RIDE ’EM, KUROI
UTES are clearly in vogue at the moment. Last month the Toyota HiLux and Ford Ranger became the first two workhorses to top the Australian new-car market.
So we thought we’d get reacquainted with one of the unsung heroes of the ute class, the Mazda BT-50.
We’re in the Kuroi edition, a $5600 option pack that includes a black-painted sports bar, nudge bar, side steps, 17-inch alloy wheels, driving lights, tonneau cover and decals.
Based on the $47,990 XTR (the middle of a three-model range), the Kuroi pack bumps the price to $53,590 — dearer than the flagship GT (now $49,990 drive-away).
This still undercuts the vehicle with which the BT-50 shares its underpinnings, the Ford Ranger.
There’s a complication: the Ford and Mazda are going in different directions before they end their 30-year ute partnership by 2020.
The latest Ranger has a raft of changes including new turbocharger and injectors, better noise suppression, electric power steering, Apple CarPlay, big-screen rear view camera and, as an option, radar cruise control and lane keeping.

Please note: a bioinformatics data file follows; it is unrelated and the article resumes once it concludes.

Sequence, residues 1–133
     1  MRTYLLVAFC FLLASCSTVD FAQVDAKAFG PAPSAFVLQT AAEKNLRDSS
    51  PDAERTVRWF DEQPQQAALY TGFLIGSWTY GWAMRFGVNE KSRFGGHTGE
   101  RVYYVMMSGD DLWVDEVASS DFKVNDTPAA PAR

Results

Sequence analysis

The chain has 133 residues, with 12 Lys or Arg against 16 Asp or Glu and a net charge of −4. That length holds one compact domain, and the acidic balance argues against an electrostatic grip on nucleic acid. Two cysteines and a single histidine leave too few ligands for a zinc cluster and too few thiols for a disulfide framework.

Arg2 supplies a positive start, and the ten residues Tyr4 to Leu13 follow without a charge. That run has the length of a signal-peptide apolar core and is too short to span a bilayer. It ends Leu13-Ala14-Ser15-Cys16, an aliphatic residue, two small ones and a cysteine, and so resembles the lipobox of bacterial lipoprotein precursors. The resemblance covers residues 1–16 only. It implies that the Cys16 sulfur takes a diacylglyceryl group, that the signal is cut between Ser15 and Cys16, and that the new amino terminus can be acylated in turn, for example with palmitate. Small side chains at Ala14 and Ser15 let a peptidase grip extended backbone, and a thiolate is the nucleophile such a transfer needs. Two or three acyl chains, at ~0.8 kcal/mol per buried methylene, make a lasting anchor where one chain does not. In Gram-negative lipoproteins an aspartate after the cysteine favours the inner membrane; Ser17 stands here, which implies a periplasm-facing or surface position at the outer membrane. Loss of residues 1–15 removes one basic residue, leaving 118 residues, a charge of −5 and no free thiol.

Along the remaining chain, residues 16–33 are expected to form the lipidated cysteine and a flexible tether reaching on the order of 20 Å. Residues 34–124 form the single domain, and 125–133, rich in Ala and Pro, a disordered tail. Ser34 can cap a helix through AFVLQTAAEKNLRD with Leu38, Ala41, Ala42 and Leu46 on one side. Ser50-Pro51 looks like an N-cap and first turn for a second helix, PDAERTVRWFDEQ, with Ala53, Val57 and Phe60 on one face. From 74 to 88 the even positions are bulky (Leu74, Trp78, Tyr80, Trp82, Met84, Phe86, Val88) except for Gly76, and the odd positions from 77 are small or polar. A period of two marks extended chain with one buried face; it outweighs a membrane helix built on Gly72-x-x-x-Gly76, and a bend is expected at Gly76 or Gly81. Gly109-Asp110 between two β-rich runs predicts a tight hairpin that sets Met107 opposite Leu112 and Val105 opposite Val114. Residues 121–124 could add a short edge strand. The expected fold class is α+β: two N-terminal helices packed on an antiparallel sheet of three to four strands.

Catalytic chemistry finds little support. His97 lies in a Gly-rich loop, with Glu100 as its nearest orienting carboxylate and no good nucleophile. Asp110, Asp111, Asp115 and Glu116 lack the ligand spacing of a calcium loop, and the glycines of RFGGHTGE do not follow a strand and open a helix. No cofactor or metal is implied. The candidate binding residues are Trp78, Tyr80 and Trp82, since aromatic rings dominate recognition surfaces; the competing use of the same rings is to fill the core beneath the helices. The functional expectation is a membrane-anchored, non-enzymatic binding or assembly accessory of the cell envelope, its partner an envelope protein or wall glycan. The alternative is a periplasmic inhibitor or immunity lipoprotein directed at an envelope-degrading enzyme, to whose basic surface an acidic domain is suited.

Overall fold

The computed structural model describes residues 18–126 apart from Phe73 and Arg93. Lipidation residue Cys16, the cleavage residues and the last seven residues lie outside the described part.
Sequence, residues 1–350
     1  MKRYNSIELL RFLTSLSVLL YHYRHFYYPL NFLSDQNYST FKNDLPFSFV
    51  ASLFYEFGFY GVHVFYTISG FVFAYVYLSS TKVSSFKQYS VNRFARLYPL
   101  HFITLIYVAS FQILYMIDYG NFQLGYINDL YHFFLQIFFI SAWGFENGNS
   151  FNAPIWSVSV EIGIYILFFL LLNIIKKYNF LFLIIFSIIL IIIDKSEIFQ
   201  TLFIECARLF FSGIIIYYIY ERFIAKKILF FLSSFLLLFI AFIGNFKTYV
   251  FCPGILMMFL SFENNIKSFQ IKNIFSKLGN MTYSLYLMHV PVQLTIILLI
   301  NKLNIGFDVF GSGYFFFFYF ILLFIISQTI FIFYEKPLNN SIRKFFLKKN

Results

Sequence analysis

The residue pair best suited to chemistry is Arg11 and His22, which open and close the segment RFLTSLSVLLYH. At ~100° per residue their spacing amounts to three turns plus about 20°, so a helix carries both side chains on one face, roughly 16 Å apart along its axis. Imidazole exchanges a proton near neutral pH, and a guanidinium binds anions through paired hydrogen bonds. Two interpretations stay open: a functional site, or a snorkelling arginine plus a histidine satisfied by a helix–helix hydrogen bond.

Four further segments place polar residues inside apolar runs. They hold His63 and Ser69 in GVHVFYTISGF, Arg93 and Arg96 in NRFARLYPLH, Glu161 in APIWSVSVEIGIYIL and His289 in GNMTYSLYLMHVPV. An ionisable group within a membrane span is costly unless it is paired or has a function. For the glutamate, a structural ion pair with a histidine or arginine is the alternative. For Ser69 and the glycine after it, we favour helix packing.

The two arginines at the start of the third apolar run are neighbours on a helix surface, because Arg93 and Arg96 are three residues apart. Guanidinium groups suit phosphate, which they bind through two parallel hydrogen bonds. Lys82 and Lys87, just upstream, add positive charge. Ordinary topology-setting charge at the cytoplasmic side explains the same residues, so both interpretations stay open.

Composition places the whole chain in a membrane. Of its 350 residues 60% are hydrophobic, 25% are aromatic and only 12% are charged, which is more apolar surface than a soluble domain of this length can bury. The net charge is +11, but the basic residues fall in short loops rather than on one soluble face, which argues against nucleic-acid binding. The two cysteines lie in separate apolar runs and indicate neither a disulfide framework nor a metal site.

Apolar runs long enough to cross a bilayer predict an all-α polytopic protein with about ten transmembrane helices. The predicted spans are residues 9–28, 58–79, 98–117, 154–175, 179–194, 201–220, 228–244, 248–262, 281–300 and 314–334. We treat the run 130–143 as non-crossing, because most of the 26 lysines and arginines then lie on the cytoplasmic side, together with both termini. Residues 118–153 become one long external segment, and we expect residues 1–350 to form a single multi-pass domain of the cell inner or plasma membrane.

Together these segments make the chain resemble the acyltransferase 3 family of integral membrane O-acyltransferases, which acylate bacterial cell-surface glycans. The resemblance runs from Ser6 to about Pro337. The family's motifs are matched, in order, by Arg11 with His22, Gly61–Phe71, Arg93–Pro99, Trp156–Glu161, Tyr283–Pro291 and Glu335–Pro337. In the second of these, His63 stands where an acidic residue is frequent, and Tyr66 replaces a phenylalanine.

Mechanically, the BT-50 has not changed since it went on sale four years ago (with the possible exception, we suspect, of minor tweaks that Mazda hasn’t disclosed).
The first crop of (then new) BT-50s we drove four years ago bounced around because the suspension was too firm. Mazda was trying to inject some “zoom” in a move to differentiate the BT-50 from the Ranger — but the changes made it worse. And the five-cylinder diesel engine was noisy, just as it was in the Ranger.
But the BT-50 we’re driving now has a more compliant ride (it almost feels as good as in the Ranger) and it sounds as if Mazda has borrowed some of Ford’s sound deadening off the shared production line.
So, first impressions are good — mainly because there are more changes than we were expecting. Mazda can’t tell us when over the past four years the updates occurred.